The use of water for cooling the drill bit has proven to be unacceptable because the resultant leakage has a tendency to break and wash away mortar between the bricks. Also, the leakage results in an unsightly staining of the face of the masonry wall. Further, the dampness in the wall is a serious problem for the resin grouting formulation. Therefore, dry drilling is necessary not only to eliminate these problems but it is also advantageous because the resin grout can be used immediately. Wet drilling requires that the brick work first be allowed to dry so that the resin grout will cure and bond to the brick. However, dry drilling itself can create the problem of excessive dust. The excessive dust causes a problem of not only settling around the exterior as well as the interior of the building, but collects in the drill hole which plugs the hole and can cause the drill bit to bind up.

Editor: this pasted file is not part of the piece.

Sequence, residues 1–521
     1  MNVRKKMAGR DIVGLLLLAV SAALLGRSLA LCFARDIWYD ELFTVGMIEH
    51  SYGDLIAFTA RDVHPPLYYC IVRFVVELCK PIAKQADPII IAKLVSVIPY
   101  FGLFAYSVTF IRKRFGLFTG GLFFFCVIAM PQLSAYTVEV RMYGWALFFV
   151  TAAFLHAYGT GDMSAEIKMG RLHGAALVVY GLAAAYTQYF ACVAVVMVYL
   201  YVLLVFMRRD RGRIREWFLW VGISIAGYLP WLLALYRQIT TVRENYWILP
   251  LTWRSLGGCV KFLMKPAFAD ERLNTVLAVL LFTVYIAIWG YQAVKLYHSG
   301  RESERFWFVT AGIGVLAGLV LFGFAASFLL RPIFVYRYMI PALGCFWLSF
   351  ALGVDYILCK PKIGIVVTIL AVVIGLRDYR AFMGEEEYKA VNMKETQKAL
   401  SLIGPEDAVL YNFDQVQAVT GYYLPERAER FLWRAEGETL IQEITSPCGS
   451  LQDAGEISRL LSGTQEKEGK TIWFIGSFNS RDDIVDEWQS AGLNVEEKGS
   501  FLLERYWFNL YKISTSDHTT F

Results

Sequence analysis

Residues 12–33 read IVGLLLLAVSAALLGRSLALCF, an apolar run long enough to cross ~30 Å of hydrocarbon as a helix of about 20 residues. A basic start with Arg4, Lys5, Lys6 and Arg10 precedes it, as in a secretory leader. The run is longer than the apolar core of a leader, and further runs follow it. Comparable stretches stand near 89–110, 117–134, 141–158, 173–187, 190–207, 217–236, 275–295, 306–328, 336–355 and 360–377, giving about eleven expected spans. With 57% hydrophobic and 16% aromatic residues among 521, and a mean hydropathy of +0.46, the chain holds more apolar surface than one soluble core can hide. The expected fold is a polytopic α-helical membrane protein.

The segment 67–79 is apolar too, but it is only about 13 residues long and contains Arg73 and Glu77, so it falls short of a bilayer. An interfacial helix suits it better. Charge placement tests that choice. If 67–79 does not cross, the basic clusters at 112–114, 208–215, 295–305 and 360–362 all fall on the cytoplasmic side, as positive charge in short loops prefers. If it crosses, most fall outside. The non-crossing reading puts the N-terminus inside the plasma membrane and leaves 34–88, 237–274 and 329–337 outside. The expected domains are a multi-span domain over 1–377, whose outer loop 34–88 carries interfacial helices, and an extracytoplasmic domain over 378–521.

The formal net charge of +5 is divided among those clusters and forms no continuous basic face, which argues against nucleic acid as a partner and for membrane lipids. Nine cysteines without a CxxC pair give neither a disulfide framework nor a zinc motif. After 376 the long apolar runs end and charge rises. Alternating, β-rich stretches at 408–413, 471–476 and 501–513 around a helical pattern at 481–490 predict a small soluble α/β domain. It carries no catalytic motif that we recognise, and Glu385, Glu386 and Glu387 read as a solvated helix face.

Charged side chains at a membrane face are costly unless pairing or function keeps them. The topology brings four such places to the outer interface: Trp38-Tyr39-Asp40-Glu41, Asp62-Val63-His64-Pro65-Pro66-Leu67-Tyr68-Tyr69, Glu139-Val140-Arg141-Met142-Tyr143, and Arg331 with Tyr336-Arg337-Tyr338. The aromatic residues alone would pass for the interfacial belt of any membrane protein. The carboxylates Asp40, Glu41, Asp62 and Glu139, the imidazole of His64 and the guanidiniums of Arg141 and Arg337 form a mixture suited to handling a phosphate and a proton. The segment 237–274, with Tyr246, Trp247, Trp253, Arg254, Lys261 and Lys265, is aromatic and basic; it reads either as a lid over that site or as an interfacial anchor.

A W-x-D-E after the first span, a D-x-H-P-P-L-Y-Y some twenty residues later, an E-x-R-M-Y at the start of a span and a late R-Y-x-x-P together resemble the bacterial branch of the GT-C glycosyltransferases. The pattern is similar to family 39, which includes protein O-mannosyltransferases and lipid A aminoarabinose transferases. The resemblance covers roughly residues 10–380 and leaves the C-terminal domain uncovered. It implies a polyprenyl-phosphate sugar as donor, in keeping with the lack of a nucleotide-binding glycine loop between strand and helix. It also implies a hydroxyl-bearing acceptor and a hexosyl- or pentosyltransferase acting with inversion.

Another concern that must be dealt with in the coring of masonry walls is that present core bits which drill a cylindrical hole may leave a core in the hole which must be removed. Present methods for removing such cores have been to cut a series of holes in the face of the masonry wall to extract sections of the core. This technique obviously is undesirable because it requires each hole placed in the face of the masonry wall to be repaired. These repaired holes detract from the beauty of these buildings, many of which have historical and cultural values.
Thus, there exists an urgent need for a masonry coring technique which has the capabilities of drilling long, straight holes, utilizes a dry drilling technique which can control the extraction of the dust, keeps the drill bit cool, and provides for removing the core without having to damage the face of a masonry wall.
SUMMARY OF THE INVENTION